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A Look at the Transatlantic Slave Trade

StoryFebruary 12, 1997
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Co-author of Spirits of the Passage: The Transatlantic Slave Trade of the Seventeenth Century.

As part of Black History Month, and to commemorate the birthday of President Abraham Lincoln who issued the Emancipation Proclamation on January 1st, 1863, today on Democracy Now a special look at the transatlantic slave trade. We’ll examine many of the historical and political questions raised by the largest forced migration in human history with voices as varied as Martin Luther King, Cornel West, Molefe Asante and Nkeichi Taifa of today’s black reparations movement.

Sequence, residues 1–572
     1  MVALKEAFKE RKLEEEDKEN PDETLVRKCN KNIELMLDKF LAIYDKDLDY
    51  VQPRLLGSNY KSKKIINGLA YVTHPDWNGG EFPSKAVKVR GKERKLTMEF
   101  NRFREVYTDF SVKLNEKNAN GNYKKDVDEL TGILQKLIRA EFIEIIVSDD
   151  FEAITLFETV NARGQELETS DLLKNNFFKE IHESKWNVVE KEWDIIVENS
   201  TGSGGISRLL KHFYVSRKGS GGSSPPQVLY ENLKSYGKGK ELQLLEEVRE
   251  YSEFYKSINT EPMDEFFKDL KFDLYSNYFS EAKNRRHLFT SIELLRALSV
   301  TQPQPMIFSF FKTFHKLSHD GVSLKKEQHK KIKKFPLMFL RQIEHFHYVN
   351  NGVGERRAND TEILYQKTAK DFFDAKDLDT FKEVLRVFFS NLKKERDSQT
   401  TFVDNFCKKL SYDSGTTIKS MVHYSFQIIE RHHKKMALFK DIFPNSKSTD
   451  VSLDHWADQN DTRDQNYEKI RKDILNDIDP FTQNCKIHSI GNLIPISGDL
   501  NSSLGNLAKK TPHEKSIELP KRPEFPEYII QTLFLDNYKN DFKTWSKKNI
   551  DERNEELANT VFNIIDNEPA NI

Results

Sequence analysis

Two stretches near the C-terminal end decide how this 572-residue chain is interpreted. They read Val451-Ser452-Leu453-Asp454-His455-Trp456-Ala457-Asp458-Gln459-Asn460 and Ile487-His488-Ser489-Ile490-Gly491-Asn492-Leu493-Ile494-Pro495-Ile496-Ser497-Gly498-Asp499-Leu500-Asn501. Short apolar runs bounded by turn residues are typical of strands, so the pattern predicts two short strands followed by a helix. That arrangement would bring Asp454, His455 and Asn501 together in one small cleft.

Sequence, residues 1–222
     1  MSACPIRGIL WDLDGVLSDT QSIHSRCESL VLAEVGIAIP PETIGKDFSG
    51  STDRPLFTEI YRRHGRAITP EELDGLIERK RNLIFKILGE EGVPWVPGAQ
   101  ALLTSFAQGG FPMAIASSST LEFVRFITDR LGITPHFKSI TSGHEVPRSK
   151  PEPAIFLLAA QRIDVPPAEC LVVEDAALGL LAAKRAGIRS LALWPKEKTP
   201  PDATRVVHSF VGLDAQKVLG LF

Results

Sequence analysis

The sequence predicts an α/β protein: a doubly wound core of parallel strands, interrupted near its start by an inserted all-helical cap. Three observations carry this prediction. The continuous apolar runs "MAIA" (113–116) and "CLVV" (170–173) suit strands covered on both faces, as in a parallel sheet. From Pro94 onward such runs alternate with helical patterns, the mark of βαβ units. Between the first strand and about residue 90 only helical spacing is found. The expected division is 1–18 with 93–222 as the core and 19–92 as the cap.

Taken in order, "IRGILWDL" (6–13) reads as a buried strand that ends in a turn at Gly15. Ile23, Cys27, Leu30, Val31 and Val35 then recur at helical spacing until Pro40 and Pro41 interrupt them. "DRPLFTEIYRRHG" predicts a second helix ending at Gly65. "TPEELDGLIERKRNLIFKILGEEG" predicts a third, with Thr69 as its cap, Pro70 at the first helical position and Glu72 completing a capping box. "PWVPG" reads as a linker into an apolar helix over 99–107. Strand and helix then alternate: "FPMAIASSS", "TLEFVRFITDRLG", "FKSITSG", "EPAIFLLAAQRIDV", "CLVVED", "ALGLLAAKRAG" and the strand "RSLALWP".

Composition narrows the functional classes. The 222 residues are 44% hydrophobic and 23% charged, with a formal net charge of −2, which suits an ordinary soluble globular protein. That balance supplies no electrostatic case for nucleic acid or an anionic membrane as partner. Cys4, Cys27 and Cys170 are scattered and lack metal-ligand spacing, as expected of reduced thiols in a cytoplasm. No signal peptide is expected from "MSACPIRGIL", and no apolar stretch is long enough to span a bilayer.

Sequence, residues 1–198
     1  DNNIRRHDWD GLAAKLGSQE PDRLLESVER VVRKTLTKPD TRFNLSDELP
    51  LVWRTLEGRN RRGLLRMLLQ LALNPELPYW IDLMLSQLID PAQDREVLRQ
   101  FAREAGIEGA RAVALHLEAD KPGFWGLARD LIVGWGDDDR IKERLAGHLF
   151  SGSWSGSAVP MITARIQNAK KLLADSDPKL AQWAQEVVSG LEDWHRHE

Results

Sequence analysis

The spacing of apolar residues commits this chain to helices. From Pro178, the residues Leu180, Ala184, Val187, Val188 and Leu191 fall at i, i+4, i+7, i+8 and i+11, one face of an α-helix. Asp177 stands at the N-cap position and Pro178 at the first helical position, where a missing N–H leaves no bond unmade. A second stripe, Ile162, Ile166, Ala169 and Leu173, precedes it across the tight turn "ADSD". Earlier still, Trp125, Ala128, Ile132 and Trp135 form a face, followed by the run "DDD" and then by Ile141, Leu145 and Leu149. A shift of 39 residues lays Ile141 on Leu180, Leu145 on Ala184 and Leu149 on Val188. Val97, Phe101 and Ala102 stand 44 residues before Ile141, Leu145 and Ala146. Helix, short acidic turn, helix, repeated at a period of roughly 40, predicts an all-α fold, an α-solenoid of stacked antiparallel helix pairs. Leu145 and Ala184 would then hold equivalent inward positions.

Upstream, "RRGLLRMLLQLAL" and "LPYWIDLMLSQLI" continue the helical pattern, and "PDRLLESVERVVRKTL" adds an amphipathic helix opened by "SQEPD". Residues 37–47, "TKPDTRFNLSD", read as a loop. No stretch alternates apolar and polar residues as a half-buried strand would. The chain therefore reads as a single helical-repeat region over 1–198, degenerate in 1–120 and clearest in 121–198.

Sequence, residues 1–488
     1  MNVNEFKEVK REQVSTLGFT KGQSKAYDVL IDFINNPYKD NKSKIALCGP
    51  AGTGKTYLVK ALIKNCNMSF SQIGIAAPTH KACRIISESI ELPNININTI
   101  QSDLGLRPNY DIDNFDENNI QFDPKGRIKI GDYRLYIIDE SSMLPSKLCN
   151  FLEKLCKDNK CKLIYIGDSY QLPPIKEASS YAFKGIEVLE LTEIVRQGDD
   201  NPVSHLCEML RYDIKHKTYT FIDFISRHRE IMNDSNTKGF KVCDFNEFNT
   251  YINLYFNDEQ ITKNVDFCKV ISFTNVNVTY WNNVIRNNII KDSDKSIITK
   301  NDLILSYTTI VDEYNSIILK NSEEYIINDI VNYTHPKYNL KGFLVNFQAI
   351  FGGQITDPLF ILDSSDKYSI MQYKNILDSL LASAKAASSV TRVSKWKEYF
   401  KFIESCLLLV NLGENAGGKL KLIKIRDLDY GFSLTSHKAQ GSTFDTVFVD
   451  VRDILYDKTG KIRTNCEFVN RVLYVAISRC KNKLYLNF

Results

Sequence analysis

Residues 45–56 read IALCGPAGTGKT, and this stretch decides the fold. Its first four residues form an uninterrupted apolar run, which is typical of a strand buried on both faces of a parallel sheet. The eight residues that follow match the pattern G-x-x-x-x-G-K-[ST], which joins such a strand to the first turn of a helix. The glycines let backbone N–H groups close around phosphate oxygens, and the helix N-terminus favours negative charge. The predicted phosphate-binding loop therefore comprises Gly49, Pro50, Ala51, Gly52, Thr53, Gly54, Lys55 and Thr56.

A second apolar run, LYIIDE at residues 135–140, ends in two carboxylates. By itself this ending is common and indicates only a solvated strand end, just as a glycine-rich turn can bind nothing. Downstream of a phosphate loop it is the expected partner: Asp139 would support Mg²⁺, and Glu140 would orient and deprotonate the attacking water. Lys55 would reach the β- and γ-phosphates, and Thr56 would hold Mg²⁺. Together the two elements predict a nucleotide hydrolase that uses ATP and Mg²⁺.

But first we want to look at a unique story of the only slave ship in the Americas discovered and then excavated off the coast of south Florida — the Henrietta Marie. The ship, the oldest slave ship ever found, was wrecked off Key West in 1700 and prompted writers Rosemarie Robotham and Madeline Burnside to put together a history of the early slave trade called — Spirits of the Passage: The Transatlantic Slave Trade of the Seventeenth Century.

TAPE: A SLAVE SHIP SPEAKS: THE WRECK OF THE HENRIETTA MARIE, produced by the Mel Fisher Maritime Society.

The original content of this program is licensed under a Creative Commons Attribution-Noncommercial-No Derivative Works 3.0 United States License. Please attribute legal copies of this work to Some of the work(s) that this program incorporates, however, may be separately licensed. For further information or additional permissions, contact us.

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